The Arsenal signing who can help save Mikel Arteta’s job as Bernd Leno replacement eyed

Here is your Arsenal morning digest for Saturday, May 8.

Garlick can save Arteta’s job

Mikel Arteta cut a dejected figure after Arsenal’s Europa League defeat to Villarreal, which increased the pressure the Spaniard is facing over his job.

The inexperienced boss has very few people he can turn to for counsel at the Gunners, with technical director Edu similarly in his first major role at a European club.

Arteta is close to former mentor Pep Guardiola, but cannot turn to the Manchester City boss over the day-to-day running of the Gunners.

That is where Richard Garlick can help.

The soon-to-be director of football administration is an expert in sports law and football administration, having enjoyed similar roles at both the Premier League and West Brom over the past decade.

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He will work closely with Arteta and Edu and try and fix the issues that have stretched the duo so thin this season, allowing them to focus on on-pitch matters.

Whilst Garlick will not fix all of the Gunners’ problems, particularly Arteta’s tactical naivety at times, he will provide a sounding board and a shield to the football side of things.

Leno replacement eyed

The Metro report that Arsenal are eyeing a move for Andre Onana at Ajax as a potential replacement for Bernd Leno.

Arsenal are keen to address their goalkeeping situation this summer and the Ajax keeper could be a potential option, with the Gunners having had a long-held interest in him.

Yet any decision over Onana will be delayed until the summer as the 25-year-old fights a 12-month suspension from UEFA.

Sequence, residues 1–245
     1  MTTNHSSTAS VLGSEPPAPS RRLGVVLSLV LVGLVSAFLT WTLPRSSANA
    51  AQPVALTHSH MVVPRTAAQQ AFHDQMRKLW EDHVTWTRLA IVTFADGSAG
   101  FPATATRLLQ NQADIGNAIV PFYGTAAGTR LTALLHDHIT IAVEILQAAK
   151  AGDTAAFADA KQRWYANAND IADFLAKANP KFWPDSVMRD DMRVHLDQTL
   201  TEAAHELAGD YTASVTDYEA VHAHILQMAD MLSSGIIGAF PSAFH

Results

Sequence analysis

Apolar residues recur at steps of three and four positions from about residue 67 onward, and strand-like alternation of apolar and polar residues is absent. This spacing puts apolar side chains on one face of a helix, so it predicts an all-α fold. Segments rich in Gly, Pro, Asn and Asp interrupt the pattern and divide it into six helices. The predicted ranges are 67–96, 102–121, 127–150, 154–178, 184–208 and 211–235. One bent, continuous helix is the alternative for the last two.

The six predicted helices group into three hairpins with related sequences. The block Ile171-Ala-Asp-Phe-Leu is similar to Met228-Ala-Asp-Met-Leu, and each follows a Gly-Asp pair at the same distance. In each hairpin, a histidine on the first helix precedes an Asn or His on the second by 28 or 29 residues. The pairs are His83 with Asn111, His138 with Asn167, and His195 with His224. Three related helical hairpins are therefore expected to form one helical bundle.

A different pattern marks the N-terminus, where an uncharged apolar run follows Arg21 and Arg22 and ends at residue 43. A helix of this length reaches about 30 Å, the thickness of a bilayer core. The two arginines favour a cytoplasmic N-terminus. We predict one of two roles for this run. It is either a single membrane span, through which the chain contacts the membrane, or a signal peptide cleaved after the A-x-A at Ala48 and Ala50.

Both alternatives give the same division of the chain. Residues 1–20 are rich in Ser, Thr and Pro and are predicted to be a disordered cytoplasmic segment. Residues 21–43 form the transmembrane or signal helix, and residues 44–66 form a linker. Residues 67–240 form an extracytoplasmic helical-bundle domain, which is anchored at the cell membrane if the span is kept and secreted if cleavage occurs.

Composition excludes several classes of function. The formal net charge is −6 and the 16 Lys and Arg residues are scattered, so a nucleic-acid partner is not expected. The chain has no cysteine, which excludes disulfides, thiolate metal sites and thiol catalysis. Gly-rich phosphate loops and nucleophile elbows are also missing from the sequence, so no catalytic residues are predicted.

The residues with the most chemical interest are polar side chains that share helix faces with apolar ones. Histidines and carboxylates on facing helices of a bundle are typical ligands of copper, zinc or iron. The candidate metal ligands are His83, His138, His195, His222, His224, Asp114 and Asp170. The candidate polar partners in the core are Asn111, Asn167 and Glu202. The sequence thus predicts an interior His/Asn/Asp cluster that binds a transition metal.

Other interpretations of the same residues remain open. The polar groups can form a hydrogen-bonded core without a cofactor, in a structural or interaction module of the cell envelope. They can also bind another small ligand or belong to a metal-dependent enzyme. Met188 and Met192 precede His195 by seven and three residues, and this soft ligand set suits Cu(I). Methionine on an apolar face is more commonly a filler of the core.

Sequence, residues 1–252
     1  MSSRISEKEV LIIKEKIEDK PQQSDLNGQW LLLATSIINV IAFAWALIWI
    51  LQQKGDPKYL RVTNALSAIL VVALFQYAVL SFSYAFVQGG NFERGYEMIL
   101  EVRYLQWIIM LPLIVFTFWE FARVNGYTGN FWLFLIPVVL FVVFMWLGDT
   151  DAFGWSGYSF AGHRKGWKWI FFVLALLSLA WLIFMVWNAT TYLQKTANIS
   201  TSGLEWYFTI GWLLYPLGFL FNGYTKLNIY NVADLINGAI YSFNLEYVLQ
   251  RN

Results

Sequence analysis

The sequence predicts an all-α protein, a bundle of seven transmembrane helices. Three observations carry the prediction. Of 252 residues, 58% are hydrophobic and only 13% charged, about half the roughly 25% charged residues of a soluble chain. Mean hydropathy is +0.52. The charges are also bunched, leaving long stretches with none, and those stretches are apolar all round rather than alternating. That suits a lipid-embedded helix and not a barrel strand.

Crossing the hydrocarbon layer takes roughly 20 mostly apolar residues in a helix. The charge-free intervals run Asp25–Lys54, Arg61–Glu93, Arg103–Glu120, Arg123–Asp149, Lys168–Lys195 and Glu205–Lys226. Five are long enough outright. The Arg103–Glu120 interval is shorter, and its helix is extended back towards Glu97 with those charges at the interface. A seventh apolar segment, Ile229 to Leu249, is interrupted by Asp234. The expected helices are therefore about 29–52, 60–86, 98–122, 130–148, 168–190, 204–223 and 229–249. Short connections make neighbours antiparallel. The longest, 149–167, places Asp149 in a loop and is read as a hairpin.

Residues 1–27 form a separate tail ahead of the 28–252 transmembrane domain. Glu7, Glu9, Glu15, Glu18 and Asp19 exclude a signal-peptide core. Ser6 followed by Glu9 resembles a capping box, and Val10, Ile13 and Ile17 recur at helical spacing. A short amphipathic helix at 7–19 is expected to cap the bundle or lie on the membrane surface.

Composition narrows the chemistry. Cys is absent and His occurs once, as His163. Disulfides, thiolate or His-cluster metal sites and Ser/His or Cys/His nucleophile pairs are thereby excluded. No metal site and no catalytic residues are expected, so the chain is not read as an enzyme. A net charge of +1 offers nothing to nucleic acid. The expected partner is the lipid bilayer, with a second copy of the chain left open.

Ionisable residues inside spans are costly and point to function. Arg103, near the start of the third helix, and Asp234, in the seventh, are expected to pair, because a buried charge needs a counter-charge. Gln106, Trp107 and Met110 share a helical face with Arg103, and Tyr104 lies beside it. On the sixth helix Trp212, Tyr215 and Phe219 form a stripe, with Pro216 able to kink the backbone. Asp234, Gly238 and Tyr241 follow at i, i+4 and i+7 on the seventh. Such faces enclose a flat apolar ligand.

Onana was found to have the banned substance Furosemide in a urine sample but he claims this was due to accidentally taking medicine prescribed to his wife.

His appeal is set to be heard by the Court of Arbitration for Sport in June.

Cost of Gunners’ Europa League failure

While Arsenal were only denied €4.5m in prize money for failing to beat Villarreal in the Europa League semi-final, the club are left counting the cost of their poor performance.

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The Gunners would have stood to make a minimum of €40m if they had won the competition and qualified for the Champions League, which would have grown substantially had they then progressed through the competition next season.

Based on this year’s figures, a further €30m would have been earned from UEFA’s broadcasting market pool, along with matchday income from a minimum of three home games and €2.7m for every win in the competition.

That guaranteed income would have helped the Gunners strengthen their squad for next season.

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